The program, currently available to about three-quarters of Waterloo Region students – in both school boards – has a $1.5 million budget… which D’Alton is quick to point out is not enough, since there are still about 30% of schools in the region without the program. Funding comes from the Ontario Ministry of Children and Youth Services, through the local YMCA organization, and from “some of the most extraordinary and diverse corporate partners,” according to D’Alton, “all these people who are really committed to the cause.”

D’Alton is one of those people. As a volunteer throughout her life, she has been in situations where she has seen people lose hope – and thus give up any effort to have a meaningful or satisfying life. She has noticed that the issue of food has too often been at the heart of these struggles. So Nutrition for Learning, she believes, gives kids “a fighting chance…. Teachers will tell you, you can’t even get them to think or talk to you if they’re hungry.”

She’s also on board to give Nutrition for Learning a fighting chance, and part of that challenge involves fundraising. D’Alton has high praise for her corporate supporters, but she also admits that there is one area which is very difficult to fund – “Nobody wants to give you money to hire staff.” She believes the organization needs one or two community development officers, but available funding goes almost entirely to procurement of food.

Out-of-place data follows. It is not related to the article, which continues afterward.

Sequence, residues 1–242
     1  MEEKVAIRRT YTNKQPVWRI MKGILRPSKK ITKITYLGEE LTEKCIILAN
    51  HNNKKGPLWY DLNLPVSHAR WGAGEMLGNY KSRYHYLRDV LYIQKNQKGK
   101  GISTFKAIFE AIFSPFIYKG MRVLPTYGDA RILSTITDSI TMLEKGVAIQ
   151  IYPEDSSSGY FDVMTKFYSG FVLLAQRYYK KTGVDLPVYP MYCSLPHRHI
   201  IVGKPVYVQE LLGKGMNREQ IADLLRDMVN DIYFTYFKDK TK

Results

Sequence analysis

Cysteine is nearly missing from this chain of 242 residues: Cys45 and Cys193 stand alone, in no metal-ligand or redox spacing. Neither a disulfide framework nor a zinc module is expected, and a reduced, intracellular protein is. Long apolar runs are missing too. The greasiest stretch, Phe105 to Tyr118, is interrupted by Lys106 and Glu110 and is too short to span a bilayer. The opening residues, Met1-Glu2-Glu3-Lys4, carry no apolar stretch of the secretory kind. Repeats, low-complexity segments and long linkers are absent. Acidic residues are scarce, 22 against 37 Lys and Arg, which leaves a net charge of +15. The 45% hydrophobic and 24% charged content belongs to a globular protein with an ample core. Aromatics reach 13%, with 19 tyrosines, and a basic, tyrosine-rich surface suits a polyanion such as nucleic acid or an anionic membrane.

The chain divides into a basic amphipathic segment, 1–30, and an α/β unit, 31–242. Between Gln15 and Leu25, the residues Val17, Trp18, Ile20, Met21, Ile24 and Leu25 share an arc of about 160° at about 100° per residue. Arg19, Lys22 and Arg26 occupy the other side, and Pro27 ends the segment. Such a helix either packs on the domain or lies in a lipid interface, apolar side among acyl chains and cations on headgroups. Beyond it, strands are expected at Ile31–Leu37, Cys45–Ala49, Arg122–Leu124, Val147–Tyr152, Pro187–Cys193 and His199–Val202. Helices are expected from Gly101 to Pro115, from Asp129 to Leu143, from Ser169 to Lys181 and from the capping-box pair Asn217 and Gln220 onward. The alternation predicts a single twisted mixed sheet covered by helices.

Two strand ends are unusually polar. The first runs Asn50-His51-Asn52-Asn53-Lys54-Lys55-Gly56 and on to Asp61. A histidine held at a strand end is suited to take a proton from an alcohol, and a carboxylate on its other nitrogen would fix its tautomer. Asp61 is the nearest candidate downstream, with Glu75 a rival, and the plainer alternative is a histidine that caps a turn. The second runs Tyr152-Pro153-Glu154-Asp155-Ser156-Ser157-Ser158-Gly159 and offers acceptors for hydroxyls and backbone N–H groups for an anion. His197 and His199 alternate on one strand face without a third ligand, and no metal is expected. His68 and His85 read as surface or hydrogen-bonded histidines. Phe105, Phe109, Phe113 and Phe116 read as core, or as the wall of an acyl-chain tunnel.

She expects to be involved with the program for the near future. The job suits her, she says – “It’s not a big change for me. I’m still taking care of people.” And she believes that after her success in the corporate world, “If an opportunity arises where I can help out, I answer the call.”

She says that her job does include developing a successful, succession plan. “Part of the process will be looking for the right people, who can take this to the next level.” But she promises, “I will never leave until it’s okay.”

Part of the Exchange Magazine KPMG Feature Section in the May 2018 issue of Exchange Magazine

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ISSN 0824-45
Copyright, 2018.